It’s been widely assumed that a political ethic can be read in Jesus’ answer to “Is it lawful to pay taxes to the emperor or not?” and that the social location of the conversation can be ignored or considered irrelevant. But only the most interiorized notion of discipleship can be indifferent to the social circumstances in which discipleship is embodied. I want to describe five possible contexts in which this dialogue might be read, and trace how the story may be read with differing emphasis in each one.
A minority community under an oppressive regime. This is the original context of the exchange. There are three interlocutors: the Herodians, happy to do the dirty work for the Roman regime and cream off some of the profits while preserving a puppet Jewish presence in positions of power; the Pharisees, more given to pursuing holiness for the Jewish people as a whole and less inclined to disturb the Roman-dominated political status quo; and Jesus, apparently set on transforming both the political and religious establishment by accepting the titles Son of David and Son of God. Under an oppressive regime, Jesus’ answer, “Give to the emperor the things that are the emperor’s, and to God the things that are God’s,” is ironic: it highlights that in a world where the Roman emperor thinks everything is his, Jesus insists that everything is God’s. Nothing can be the emperor’s without being first and always God’s too. So for Christians to pay taxes is not a grudging, resentful recognition that they have no choice, but a hopeful epiphany of God’s sovereignty and a statement that, although the emperor might mean it for evil, God doubtless will mean it for good. Don’t let the fear of Caesar obscure the wonder of God.
A minority community in a “failed” state or in circumstances in which conventional law and order is in abeyance or has broken down. If we ignore this context, we won’t understand how Christian political theology took shape. Contemporary Somalia or Afghanistan, and other places in political chaos, are not easy places to find or express love, joy and peace. In such contexts the irony of Jesus’ comments is largely lost: what remains is the conviction that Christians have a stake in and a duty to the state because without a minimum of order few things of value in God’s creation can flourish. These are perhaps the only circumstances in which Luther’s two kingdoms notion—wherein God functions right-handedly through grace and the church, and left-handedly through law and the state—needs a greater hearing. Don’t let rendering to God make you forget Caesar altogether.
A minority community under a regime that is not oppressing the community but is, the community believes, oppressing other social groups or nations. This activist view of America sees the federal government through the lens of Guantánamo, the School of the Americas, and truancy from Kyoto. Jesus’ words become especially significant if one attempts to calculate the percentage of one’s taxes that will be used, say, on nuclear weapons and works out a way of withholding that percentage. This maintains the ironic dimension of Jesus’ words by perceiving the majority of one’s tax contribution as “giving to God” but assuming that funding nuclear weapons could never be regarded as a gift to God. This approach puts a very high value on keeping a clean individual conscience, but a low value on trusting the organic deliberative role of the state and its officers. Don’t let faith in God make you lose all faith in Caesar.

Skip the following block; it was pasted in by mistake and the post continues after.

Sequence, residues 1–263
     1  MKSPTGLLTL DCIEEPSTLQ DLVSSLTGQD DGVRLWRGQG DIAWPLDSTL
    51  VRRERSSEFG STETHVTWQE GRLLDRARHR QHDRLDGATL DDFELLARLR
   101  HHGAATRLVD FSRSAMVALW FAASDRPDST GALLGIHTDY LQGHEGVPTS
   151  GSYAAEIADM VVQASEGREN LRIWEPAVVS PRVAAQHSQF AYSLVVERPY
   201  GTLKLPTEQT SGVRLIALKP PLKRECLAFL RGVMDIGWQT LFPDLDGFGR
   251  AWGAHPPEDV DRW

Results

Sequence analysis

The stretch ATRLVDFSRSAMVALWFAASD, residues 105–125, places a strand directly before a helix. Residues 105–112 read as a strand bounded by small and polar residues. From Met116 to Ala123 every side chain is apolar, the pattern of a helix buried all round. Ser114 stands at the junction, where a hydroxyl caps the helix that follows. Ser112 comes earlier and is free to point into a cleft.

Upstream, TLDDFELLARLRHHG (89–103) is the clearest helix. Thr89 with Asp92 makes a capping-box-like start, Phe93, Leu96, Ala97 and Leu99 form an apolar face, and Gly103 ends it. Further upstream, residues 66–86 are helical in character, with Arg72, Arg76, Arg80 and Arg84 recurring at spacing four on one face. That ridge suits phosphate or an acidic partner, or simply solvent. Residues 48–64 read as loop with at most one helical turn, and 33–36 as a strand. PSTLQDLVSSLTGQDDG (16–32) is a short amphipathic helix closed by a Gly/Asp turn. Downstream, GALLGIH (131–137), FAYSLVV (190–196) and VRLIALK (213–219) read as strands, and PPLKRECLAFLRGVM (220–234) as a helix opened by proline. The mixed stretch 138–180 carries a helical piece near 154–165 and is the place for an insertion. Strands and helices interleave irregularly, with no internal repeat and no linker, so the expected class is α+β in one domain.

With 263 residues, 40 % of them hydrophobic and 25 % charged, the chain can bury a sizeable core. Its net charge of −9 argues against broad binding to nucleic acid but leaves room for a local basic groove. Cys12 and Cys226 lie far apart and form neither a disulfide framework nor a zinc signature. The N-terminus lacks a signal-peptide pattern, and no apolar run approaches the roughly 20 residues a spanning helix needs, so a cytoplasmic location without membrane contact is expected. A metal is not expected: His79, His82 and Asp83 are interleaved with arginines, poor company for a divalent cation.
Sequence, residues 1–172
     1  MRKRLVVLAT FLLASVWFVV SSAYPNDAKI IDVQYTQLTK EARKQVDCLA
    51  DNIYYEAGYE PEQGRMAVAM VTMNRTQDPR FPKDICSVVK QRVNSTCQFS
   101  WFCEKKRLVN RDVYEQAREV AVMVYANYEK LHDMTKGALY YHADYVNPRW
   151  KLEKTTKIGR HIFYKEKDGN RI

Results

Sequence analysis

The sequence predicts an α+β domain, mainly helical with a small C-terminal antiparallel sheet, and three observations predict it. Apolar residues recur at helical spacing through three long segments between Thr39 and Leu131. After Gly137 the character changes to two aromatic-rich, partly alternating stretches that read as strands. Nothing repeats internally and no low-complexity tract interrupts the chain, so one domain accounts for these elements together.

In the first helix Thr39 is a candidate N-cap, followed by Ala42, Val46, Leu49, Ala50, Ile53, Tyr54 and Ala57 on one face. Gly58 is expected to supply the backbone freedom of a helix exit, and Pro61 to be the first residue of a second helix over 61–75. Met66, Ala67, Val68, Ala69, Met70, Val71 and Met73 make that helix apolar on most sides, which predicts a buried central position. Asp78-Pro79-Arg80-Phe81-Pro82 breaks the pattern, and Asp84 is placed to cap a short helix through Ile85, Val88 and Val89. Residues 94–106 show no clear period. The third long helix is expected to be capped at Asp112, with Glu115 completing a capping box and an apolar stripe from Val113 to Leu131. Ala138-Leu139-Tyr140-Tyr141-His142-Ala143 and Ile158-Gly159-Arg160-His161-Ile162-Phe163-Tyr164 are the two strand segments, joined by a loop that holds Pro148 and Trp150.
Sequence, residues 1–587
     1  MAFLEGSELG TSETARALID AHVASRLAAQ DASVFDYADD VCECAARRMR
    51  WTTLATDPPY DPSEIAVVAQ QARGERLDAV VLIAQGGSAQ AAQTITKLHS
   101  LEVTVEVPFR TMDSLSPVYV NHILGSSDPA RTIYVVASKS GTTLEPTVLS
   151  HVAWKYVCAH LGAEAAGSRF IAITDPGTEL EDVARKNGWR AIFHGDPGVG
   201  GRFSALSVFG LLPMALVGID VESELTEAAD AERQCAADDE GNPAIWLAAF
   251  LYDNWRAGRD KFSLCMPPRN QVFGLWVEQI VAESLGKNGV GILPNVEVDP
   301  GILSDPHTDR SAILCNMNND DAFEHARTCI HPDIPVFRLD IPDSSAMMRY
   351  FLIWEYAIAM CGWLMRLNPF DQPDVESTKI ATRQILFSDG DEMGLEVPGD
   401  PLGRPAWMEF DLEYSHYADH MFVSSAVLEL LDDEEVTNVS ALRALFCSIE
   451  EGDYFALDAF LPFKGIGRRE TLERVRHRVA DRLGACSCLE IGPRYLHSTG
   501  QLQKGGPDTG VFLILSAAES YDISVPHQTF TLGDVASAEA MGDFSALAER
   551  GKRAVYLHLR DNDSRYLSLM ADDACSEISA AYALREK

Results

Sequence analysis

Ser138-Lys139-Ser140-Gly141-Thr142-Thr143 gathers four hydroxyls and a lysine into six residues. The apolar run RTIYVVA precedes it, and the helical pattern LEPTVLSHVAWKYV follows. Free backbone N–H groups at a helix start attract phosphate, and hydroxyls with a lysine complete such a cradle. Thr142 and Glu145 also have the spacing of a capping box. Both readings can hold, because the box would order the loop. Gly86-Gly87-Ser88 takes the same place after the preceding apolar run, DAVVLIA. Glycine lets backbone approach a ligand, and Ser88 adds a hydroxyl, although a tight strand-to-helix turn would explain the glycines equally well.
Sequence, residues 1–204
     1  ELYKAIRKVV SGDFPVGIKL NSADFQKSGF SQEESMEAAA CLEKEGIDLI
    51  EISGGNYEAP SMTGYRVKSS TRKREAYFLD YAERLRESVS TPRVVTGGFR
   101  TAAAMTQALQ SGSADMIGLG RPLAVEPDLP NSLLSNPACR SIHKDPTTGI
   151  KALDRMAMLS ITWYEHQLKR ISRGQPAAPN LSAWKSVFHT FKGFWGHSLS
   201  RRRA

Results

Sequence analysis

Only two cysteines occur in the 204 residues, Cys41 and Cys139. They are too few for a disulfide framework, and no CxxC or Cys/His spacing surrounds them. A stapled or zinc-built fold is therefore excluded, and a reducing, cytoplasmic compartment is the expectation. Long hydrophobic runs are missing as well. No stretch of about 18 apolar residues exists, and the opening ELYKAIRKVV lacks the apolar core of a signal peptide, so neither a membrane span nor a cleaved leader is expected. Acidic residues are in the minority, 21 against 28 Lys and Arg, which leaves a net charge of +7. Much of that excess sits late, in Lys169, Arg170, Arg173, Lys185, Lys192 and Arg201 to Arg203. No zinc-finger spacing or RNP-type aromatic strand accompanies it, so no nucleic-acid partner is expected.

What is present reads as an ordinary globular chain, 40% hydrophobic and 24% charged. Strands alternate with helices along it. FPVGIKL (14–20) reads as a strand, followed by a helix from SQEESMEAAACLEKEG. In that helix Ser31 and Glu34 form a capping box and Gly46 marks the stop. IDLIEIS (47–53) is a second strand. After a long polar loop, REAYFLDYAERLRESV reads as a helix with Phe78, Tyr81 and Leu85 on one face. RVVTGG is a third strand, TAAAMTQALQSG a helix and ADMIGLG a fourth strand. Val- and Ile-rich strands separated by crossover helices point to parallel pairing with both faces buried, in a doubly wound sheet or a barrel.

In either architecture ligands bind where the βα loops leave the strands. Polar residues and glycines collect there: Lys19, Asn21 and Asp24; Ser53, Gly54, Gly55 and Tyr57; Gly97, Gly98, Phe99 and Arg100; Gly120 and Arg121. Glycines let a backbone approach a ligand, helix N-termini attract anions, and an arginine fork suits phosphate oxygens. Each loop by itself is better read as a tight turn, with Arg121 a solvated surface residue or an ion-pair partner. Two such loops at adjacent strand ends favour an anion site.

A nominally majority community with access to a regime that sees itself as having a divine mandate. This is my understanding of the current American context. The rhetoric of this context, that only a strong America prevents the world from lapsing into chaos, invites citizens to buy into a divine (or at least salvific) mission that has to be named as idolatry. Here again the ironic note of Jesus’ appeal to what is owed to God is vital. Service to America is not identical to service to God. Loyalty to one’s place of birth and ties of national belonging are healthy but limited; loyalty to God is absolute. Don’t let rendering to Caesar stop you from rendering to God.
A minority presence in an ordered state, where the state has limited notions of its ability to carry out a noble mission. It’s foolish to think in terms of an ideal state in which to be a Christian, but if a state is well ordered but open to constructive contributions and friendly criticism from Christians and the church, then it seems possible to imagine some of the irony of Jesus’ words being withdrawn. Then rendering to Caesar is an aspect of, but by no means a substitute for, rendering to God. When Christians seek the welfare of the present city but also of the city that is to come, taxes are a statement of common humanity and collective trust: a form of ordinary rendition.